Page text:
Dietary Guidelines for Diabetes


Dietary Guidelines for Diabetes


Women with diabetes need to follow all of the guidelines and healthy lifestyle changes as anyone else with diabetes, including changing her diet. If you have been diagnosed recently, your doctor will likely start you on a new diet that is going to help balance out your blood sugar levels. Here are some tips for changing your diet to a more diabetic-friendly one.



General Diet Changes to Make


As you might have guessed, your diet is going to include healthier changes when you have diabetes, but that doesn’t mean sticking to something too strict. Many of the foods you already enjoy will most likely be included in the new diabetes diet, with a few changes. If you have diabetes, this will mean eating more fresh fruits and vegetables, being careful about high GI foods like watermelon. You will also want to fill up on whole grains, low-fat dairy products, lean meat and poultry, and fish for those extra omega-3 fatty acids.



Consider Going Low-Carb


Another diet change that is often recommended by doctors for diabetes is going on a low-carb diet. Sticking to a low-carb diet has many benefits for diabetes, including monitoring how much sugar you consume, not eating a lot of the banned foods like trans fats and starchy vegetables, and helping you to lose weight and reduce inflammation in your body. Eating low-carb doesn’t have to be difficult or extreme and can be very good for you. If you focus primarily on lean protein, the right types of dairy, and lots of veggies and fruits, you will be eating lower carb and following a healthy diabetic diet at the same time.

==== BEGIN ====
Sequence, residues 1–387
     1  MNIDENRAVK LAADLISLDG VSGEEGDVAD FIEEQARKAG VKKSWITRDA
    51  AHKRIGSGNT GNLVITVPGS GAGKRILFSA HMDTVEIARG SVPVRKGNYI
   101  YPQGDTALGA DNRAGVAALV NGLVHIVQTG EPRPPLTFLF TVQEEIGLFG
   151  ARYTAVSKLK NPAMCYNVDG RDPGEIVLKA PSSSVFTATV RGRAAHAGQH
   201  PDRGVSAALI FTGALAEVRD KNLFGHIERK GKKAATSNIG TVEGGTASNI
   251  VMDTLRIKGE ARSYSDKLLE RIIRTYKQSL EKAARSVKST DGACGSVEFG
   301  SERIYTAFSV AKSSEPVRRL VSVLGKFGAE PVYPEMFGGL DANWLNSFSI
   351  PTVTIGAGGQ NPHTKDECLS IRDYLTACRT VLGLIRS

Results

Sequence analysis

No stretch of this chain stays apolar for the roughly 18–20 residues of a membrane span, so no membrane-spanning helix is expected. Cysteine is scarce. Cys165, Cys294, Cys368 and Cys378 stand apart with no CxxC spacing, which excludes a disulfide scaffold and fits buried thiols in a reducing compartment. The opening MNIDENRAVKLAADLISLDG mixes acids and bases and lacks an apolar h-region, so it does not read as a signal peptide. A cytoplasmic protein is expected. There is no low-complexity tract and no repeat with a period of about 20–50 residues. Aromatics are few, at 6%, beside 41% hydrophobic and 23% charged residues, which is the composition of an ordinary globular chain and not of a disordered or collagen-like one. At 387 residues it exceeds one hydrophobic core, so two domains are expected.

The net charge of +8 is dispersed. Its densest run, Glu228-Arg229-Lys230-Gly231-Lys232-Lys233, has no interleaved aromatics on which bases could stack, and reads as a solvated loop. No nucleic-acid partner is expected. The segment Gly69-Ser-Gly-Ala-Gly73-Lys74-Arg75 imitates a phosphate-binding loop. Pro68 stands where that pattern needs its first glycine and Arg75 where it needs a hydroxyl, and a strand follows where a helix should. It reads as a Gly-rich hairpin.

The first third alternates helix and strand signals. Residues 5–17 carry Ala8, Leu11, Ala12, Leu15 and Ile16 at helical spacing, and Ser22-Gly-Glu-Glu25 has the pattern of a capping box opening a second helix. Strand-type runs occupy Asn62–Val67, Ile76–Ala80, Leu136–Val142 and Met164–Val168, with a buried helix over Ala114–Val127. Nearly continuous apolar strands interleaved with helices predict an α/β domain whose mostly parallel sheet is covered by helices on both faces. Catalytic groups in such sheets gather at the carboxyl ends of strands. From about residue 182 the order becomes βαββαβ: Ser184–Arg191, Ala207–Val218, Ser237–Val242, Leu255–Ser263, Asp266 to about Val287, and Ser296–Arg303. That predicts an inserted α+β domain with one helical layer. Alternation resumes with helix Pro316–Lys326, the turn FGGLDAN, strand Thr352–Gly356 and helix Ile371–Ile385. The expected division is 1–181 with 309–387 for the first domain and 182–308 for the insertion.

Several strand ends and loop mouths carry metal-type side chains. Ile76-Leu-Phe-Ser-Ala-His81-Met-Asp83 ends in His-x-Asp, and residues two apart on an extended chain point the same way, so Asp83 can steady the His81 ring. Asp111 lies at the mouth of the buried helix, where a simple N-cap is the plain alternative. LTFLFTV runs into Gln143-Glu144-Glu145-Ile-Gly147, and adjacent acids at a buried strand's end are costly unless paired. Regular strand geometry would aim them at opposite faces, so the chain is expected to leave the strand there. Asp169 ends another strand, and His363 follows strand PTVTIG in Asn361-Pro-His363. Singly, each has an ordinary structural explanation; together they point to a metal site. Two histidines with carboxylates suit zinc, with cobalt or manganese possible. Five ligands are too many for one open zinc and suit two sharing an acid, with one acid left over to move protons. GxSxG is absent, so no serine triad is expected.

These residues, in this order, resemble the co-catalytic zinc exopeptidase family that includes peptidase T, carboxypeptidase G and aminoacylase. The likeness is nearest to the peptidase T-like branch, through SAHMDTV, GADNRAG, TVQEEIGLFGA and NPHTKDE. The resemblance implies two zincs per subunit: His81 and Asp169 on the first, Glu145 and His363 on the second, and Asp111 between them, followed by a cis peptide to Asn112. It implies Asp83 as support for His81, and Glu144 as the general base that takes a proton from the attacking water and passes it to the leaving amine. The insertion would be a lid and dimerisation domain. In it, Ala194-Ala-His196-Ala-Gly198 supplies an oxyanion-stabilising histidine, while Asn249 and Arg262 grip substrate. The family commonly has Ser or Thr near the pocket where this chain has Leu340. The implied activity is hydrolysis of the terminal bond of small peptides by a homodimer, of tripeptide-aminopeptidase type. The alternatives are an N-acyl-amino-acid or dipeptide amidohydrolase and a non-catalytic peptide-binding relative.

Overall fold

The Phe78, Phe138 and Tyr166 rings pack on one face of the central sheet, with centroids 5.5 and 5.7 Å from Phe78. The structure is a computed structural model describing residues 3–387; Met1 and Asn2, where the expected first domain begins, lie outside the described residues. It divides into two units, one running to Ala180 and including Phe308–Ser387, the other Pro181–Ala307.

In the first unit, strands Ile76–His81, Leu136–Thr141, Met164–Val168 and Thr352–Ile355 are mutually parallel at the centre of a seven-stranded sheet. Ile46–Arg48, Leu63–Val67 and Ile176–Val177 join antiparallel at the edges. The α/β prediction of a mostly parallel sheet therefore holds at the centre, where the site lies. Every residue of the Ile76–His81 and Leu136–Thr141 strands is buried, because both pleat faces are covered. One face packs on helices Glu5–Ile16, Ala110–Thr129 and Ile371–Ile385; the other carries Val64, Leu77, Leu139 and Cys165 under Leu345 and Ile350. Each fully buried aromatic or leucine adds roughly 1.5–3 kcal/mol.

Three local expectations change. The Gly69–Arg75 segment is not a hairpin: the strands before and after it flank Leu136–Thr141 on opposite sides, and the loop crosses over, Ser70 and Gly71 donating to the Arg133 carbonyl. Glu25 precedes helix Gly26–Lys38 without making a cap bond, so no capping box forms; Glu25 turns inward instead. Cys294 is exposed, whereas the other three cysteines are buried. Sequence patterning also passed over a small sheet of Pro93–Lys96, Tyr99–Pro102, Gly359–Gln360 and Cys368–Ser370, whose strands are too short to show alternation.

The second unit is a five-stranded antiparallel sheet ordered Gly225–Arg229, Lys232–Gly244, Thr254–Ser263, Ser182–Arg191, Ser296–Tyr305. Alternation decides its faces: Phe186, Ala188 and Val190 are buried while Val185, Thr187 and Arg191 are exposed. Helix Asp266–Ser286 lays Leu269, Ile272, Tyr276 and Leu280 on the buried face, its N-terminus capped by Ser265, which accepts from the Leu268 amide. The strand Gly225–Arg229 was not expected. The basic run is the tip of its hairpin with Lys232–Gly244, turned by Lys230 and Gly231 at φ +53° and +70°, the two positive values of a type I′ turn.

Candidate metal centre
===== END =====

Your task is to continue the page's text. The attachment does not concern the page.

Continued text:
What You Should Eat Daily


In addition to these dietary changes, there are certain foods you should try to eat daily if you can. This includes:


Complex carbs – You can still have some carbs, but stick to your complex carbs. These include dairy, fruits and veggies, whole grains, nuts and seeds, and whole wheat foods like breads and pastas.


Oily fish – Oily, fatty fish has a good amount of omega-3 fatty acids which are good for diabetes and heart health. A few days a week, try to have fatty fish like salmon, tuna, and mackerel.


Foods with fiber – Try to get enough fiber into your diet with fruits and nuts, legumes, vegetables, and whole wheat foods.


High protein foods – Also get sufficient amounts of protein with dairy, eggs, lean protein, fish, and nuts.